# attr -l xxx
Attribute "user.test" has a 4 byte value for xxx
# attr -r user.test xxx
# attr -l xxx
# rm xxx

If you do the straight install off the Ubuntu repositories you get an older version. Lots of configuration choices with examples in the configuration file for integrating with LDAP and other authentication schemes. I simply used an XML file to define the few users I had. And while it did calendars fine, I couldn’t even connect to it for contacts on either the phone or the Mac. Maybe it was because the version was old. I didn’t try the latest as I could not find instructions for creating a production, as opposed to test or development, version and didn’t feel like engineering my own solution.

Time for some more reading. This time I came up with owncloud.


OwnCloud supports lots of things with calendars and contacts being just two of the components. This has, by far, the best administrative user interface of the bunch. It is not in the standard Ubuntu 12.04 repositories but there are instructions that make it easy to install. I am a little adverse to having a “all-in-one” server as I suspect it allows for more security issues and if the one service goes down for any reason you lose them all. But if it works for calendar and contacts then the rest is gravy. Calendars work fine but again I ran into issues with contacts and my Mac’s Address Book app. Again on a straight import a lot of entries were lost and even if there were groups setup on the server side neither my Mac nor my Android phone could see or access them.


Playing with different ways of importing contacts on OwnCloud showed that exporting vCards from my Address Book app and then importing them into the server via its web interface was the most reliable way with all cards being imported. But the lack of group information being usable by my phone or laptop was annoying.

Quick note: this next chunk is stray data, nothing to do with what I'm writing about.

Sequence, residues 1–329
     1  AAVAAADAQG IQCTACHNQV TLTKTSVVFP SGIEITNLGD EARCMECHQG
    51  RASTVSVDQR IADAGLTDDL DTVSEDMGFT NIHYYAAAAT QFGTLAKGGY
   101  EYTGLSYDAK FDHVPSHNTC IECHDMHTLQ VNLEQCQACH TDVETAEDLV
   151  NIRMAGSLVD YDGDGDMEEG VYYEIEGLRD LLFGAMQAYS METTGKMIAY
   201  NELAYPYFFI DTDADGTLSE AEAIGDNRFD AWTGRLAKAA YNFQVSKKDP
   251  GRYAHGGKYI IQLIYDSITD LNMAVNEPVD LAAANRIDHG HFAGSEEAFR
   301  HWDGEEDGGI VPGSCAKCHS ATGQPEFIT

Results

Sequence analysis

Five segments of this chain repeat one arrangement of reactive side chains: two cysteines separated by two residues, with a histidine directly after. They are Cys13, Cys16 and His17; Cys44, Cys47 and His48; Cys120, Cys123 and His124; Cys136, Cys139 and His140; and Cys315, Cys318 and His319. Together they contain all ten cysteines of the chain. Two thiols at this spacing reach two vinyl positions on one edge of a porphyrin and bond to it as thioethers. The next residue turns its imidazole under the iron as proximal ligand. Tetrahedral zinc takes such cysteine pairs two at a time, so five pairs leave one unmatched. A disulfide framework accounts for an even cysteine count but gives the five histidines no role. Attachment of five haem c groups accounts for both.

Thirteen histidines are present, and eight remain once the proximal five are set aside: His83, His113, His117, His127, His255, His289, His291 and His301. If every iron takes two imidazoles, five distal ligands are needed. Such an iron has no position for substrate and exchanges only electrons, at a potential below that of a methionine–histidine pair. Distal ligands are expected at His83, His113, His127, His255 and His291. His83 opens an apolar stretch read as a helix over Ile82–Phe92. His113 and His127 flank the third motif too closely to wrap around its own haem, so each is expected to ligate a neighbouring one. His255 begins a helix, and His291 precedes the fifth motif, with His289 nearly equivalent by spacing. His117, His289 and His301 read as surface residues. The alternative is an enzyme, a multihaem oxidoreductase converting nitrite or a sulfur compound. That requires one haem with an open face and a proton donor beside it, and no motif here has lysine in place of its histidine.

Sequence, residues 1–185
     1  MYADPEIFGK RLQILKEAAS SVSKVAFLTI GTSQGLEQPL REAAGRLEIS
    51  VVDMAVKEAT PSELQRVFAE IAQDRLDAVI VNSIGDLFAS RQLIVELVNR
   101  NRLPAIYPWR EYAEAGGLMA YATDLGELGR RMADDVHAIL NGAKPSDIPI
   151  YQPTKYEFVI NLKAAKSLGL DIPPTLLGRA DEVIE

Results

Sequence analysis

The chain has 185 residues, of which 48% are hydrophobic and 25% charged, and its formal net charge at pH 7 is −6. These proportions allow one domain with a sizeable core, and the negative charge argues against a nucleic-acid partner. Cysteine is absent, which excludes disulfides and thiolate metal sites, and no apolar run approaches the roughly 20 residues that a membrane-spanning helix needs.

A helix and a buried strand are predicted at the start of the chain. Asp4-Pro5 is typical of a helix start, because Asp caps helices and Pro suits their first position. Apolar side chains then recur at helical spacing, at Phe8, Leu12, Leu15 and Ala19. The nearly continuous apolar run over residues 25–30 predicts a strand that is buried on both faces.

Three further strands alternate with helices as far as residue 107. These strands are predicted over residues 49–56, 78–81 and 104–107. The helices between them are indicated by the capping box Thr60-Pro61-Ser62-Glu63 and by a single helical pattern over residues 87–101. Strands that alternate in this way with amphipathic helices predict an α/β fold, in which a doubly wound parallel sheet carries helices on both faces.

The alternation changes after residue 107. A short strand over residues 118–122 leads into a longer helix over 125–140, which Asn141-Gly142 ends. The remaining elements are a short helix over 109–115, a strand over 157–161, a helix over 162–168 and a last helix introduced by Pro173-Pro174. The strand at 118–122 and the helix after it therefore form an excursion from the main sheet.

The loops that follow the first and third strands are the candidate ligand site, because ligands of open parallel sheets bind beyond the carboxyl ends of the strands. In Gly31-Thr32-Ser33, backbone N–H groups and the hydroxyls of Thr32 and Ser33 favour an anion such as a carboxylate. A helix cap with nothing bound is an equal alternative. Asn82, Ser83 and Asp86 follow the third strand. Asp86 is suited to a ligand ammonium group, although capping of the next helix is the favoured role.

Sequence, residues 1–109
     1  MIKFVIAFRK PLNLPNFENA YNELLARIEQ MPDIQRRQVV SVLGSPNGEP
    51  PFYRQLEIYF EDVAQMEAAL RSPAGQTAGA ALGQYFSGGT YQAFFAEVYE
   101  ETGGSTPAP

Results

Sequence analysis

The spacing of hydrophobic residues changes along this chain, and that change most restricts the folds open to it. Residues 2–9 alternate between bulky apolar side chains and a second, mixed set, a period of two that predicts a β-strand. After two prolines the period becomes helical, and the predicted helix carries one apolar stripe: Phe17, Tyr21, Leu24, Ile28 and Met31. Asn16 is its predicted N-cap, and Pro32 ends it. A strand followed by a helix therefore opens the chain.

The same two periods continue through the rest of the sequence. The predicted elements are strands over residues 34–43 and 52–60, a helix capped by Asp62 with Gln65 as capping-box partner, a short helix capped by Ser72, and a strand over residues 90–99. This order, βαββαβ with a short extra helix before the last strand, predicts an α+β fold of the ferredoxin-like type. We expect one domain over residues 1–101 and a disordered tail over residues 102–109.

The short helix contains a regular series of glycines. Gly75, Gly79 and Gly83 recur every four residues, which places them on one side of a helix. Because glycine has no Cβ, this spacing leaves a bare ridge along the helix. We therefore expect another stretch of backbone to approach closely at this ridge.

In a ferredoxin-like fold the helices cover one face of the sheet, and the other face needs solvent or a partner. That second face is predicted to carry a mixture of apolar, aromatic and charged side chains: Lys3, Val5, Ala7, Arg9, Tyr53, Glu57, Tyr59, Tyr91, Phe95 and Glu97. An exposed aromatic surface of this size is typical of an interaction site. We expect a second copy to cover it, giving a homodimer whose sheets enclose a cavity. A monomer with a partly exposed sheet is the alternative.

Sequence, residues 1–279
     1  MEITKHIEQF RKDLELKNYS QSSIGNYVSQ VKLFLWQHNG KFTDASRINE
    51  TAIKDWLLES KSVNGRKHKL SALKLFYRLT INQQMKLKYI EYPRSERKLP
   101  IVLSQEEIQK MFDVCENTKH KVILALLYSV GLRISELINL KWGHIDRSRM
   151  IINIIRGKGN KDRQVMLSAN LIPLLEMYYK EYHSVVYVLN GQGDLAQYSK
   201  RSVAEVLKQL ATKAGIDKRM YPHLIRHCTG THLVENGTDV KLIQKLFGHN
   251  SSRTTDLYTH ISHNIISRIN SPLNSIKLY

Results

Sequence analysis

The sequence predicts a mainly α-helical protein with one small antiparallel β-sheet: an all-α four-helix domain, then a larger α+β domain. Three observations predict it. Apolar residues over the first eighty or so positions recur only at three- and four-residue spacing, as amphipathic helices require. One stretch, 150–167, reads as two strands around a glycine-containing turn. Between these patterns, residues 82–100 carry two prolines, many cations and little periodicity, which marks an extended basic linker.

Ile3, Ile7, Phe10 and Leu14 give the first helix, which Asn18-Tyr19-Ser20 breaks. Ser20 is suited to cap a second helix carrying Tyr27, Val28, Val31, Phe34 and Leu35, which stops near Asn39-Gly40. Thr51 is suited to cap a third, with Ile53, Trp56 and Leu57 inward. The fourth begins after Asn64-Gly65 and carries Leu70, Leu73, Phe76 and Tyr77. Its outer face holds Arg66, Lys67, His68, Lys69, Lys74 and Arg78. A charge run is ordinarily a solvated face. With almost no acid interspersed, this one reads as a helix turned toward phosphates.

So I went back to DaviCal and tried the same trick of exporting a vCard file and then importing via the web interface. I hadn’t tried that before as it was not obvious that it was possible. That put everything into the server but without group information. Going back to the Address Book app on the laptop I was able to create groups and sort the people into those groups and it seemed to stick.

Finally, using CardDAV Sync Free Beta, I was able to get the calendar app on the Android phone to see all cards and all the groups with the card count totals for each matching what the server and the Mac agreed to. Some where between the Calendar app the CardDAV Sync Free Beta app there is an issue that keeps me from editing group information on the phone so that has to be done on the Macintosh. I suspect it is a bit touchy and will not be surprised if things like group membership are not stable.

I’ve ended up using DAVdroid on the Android phone to sync both the calendar and address card information. It doesn’t support address card groups but it looks like there is an active development team so I have hopes for the future.

Why is it so easy to do calendar sharing between devices yet so difficult to do the same with contact data in address books?